Court case fighting against prorogation of parliament pushed forward

Protesters in Westminster fighting against Boris Johnson's plan to prorogue parliament to force through Brexit.

Protesters in Westminster fighting against Boris Johnson's plan to prorogue parliament to force through Brexit. Photograph: Kirsty O'Connor/PA Wire. - Credit: PA

The hearing of a court case that aims to stop Boris Johnson proroguing parliament without MPs' approval has been pushed forward - and will now be heard today.

Judge Lord Raymond Doherty had originally agreed to expedite the timetable for the legal challenge to take place, setting the date for the substantive hearing as Friday 6th September, but the hearing will now take place today.

The legal bid, backed by more than 70 MPs and peers, is seeking to get the Court of Session in Edinburgh to rule that suspending parliament to make the UK leave the EU without a deal is "unlawful and unconstitutional".

The cross-party group of politicians is backing the legal petition, supported by the Good Law Project, which won a victory at the European Court of Justice last year over whether the UK could unilaterally cancel Brexit by revoking Article 50.

Aidan O'Neill QC, representing the petitioners, said the prorogation was "unprecedented" and the petitioners are invoking the court's "constitutional jurisdiction."

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He said: "Prorogation is being used to create something which is irreversible, that the UK will be made to leave the EU deal or no deal, do or die, and parliament is being prevented by abuse of the power of prorogation from doing anything about it.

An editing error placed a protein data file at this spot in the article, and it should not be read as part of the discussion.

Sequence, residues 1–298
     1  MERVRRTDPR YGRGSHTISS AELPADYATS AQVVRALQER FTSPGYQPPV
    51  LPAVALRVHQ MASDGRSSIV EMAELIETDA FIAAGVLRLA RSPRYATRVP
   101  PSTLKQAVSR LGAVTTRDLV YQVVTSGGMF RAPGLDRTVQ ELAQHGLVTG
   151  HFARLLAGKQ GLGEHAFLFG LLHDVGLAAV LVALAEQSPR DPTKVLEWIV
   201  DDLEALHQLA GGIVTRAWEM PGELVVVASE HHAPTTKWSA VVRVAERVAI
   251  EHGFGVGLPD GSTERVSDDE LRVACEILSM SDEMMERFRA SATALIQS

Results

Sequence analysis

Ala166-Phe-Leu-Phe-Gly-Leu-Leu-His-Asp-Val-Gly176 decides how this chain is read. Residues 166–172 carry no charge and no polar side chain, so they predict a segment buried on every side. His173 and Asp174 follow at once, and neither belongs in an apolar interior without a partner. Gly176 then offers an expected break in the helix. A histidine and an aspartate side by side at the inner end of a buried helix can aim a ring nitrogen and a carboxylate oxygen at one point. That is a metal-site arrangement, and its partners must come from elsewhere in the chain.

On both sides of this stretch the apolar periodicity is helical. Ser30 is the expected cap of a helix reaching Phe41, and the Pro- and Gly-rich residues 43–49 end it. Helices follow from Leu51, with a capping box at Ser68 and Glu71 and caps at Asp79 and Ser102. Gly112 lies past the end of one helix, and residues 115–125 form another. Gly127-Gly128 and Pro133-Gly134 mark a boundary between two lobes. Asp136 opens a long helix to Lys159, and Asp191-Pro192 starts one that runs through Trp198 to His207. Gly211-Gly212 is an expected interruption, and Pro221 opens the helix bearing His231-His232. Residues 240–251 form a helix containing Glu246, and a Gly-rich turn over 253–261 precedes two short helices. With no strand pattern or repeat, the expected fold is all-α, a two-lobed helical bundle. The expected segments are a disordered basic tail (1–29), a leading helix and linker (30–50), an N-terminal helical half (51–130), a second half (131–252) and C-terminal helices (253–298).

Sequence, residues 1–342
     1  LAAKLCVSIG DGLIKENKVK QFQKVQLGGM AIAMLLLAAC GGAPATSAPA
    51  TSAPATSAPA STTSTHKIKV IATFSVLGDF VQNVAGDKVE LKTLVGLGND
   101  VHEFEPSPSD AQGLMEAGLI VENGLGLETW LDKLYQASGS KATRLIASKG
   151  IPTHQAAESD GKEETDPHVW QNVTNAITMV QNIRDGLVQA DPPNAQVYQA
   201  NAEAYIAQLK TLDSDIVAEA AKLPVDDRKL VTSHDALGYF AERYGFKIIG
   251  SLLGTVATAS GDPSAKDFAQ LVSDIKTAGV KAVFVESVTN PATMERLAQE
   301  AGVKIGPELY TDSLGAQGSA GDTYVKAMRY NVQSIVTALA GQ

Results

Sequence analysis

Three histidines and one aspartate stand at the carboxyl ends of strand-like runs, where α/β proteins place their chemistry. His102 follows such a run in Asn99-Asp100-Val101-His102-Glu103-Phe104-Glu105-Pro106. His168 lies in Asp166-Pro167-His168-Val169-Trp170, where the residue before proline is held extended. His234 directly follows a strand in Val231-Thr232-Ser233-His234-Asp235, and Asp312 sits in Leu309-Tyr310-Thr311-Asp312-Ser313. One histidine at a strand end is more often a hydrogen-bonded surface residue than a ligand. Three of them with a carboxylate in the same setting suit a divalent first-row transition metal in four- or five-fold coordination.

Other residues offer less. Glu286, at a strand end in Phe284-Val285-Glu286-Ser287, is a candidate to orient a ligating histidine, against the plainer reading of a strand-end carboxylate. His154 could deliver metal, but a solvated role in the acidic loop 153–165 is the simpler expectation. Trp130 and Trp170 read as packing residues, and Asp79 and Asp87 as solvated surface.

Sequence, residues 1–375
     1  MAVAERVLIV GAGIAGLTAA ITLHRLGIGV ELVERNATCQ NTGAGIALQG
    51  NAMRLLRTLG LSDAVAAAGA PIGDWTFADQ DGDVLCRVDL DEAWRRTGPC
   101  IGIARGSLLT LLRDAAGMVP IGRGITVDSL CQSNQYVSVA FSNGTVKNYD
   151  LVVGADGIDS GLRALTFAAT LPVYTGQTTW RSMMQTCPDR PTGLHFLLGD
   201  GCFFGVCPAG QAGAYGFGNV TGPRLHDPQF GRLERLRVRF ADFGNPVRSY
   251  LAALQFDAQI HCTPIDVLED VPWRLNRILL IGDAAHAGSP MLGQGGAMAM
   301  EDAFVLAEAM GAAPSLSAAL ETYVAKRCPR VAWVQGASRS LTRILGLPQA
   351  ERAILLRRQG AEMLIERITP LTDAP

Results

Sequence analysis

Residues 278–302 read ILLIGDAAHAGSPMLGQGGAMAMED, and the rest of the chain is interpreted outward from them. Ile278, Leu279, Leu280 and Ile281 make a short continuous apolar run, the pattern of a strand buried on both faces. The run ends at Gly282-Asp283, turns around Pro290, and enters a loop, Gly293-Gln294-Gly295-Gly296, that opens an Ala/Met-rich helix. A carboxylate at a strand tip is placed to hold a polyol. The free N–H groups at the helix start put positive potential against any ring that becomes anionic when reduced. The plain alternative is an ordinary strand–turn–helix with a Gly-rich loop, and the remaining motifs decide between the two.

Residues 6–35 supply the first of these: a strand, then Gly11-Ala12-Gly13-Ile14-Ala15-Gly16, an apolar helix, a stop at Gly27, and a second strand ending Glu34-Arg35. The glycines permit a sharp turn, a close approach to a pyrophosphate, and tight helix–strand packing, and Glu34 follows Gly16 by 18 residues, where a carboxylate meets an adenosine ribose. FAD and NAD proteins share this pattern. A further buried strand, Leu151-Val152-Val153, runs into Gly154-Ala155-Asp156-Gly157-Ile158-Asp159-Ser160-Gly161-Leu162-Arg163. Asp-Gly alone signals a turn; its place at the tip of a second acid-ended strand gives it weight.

"There are no precedents for the abuse of prorogation.

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"The power of prorogation is not one which is unlimited or unfettered but has to be used in accordance with public trust."

O'Neill said the Queen should be obliged to recall the prorogation order if it turned out to be based on an error of law.

He said: "If the court is satisfied that the advice to the sovereign given yesterday that parliament be prorogued is in fact found to be an abuse of power based on an error of law, then there should be an obligation on the sovereign to recall that order of prorogation because the sovereign is not above the law."

Seperate legal challenges in Westminster from Gina Miller, who has made an urgent application to the high court for a judical review and victims campaigner Raymond McCord in Belfast will be heard imminently.

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